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No Simple Poverty

When is the last time you checked out Isaiah 58, or anything in the book of Isaiah for that matter? It’s not like the Psalms. It doesn’t have the warm, fuzzy feeling like the words “The Lord is my Shepherd, I shall not be in want” have. It doesn’t tell a story like Exodus, Joshua, or Ruth. Often it is put in the dusty box labeled “Prophets” and tucked away for a winter Bible study. Let me blow the dust off of it for a moment and remind you at least one of the reasons God included this awesome book in our cannon.

The book of Isaiah speaks very frankly to the situation of American believers today. His words are a strong cup of hot coffee for those of us searching for meaning in a dry land. So many times I read this book and think “Wow! That’s a sermon that would preach today!”

God used this book to call me to preach with the words of chapter 49. When I read “It is too light a thing that you should be my servant to raise up the tribes of Jacob and to bring back the preserved of Israel; I will make you as a light for the nations that my salvation may reach to the ends of the earth” I knew God was shaping in this shepherd a heart for the world. God used this book to shape my ever-focusing views on caring for the “least” in our society. Chapter 61 says this “The Spirit of the Lord God is upon me, because the Lord has anointed me to bring the Good News to the poor, He has sent me to bind up the brokenhearted, to proclaim liberty to the captives, and the opening of the prison to those who are bound…” and Jenny’s Hope was born! Within the last year God spoke 50:4 to my heart as a way of encouraging an empty preacher: “The Lord God has given me the tongue of those who are taught, that I may know how to sustain with a word him who is weary.” I am so thankful for this book! Pick it up! I’m sure you will be thankful, too.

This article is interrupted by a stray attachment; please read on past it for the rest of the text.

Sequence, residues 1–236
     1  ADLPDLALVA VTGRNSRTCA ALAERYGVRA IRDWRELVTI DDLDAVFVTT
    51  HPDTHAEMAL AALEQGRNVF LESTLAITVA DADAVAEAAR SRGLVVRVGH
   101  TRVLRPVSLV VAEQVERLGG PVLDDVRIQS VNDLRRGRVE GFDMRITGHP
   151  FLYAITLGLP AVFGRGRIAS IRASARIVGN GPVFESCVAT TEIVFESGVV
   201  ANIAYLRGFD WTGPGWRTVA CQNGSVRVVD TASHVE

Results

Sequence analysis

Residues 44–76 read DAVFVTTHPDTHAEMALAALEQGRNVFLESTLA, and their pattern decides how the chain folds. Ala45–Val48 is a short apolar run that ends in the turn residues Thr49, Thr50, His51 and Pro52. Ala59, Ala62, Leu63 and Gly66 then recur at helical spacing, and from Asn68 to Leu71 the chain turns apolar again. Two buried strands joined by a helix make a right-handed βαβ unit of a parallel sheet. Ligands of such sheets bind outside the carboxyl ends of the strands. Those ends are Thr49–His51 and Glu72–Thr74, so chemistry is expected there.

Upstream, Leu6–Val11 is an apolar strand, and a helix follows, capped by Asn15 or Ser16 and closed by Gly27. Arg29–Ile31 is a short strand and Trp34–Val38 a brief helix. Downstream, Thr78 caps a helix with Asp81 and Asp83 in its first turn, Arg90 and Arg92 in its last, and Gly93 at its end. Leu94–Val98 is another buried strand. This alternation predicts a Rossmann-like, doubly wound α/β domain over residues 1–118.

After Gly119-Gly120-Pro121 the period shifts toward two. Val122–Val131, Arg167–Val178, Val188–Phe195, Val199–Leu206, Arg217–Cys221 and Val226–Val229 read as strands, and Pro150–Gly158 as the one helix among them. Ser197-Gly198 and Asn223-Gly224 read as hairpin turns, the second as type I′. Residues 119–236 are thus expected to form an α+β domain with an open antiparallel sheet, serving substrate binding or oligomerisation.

Yesterday I watched a video made by Compassion International. It’s called “58”. (You can watch the film too at: It brought my attention to yet another great passage in Isaiah, chapter 58. The goal of the film is to communicate the harsh realities of a topic that is near to my heart and my life. Compassion spotlights several different families in one of the poorest regions of the world, the 10-40 Window, for the purpose of educating those of us who think dirty, nasty poverty and slavery don’t exist anymore. They do a fantastic job.

Isaiah 58 pitches the prospect of caring for a hurting world to a nation that could care less. At first glance this nation appears to have it all together. They are crying over their sin. They are seeking the Lord daily. They seem to want to draw near to God. They want to know why the Lord remains far off; why He refuses to answer their prayers. Then God reveals His reasons: You fast (or pray or worship…) and then spend your days doing whatever you want. He gives a list of those things too: you seek your own pleasure, oppress your workers, you quarrel and fight and hit [whomever you choose]…and then the big one, you ignore the poor.

God pours out His heart for the hurting when He says this to the stiff-necked nation in question: “Is not this the fast (or worship) that I choose: to loose the bonds of wickedness, to undo the straps of the yoke, to let the oppressed go free…is it not to share your bread with the hungry and bring the homeless poor into your house; when you see the naked to cover him…then shall light break forth like the dawn and your healing shall spring up…then you shall call, and the Lord will answer…if you pour yourself out for the hungry and satisfy the desire of the afflicted, then shall your light rise in the darkness!

Did you read the same words I just read? Our ignorance of and refusal to care for the hurting among us is deafening God’s ear to our cry for help, attention, provision…whatever personal need we are lifting up to be heard. If that was a “WOW” moment for you, I don’t need an “Amen!” I need you to do something with your wonder. Put some feet to your awe of God’s ability to expose the dry places in our hearts and do something.

It’s easy to respond to this. It’s not hard to sit and listen to a brokenhearted individual. They are everywhere. You have probably been in their number at one point or another. It’s not hard to feed a meal to someone who is hungry or clothe someone whose bones are chilled. But God’s command goes deeper. His invitation is to do life with them; to undo the straps of the yoke. The yoke of oppression and poverty is deeply bound to many in our world. We are not being invited to simply provide a meal. Anyone can do that. Wells still run dry. Bread still molds. Our invitation is to provide Living Water and the Bread of Life. Only the church holds the key to that storehouse. Will you unlock the door?

Watch the movie. Crack open Isaiah. Then move with the Spirit of Jesus into the lives of the hurting. I promise you will not be sorry.

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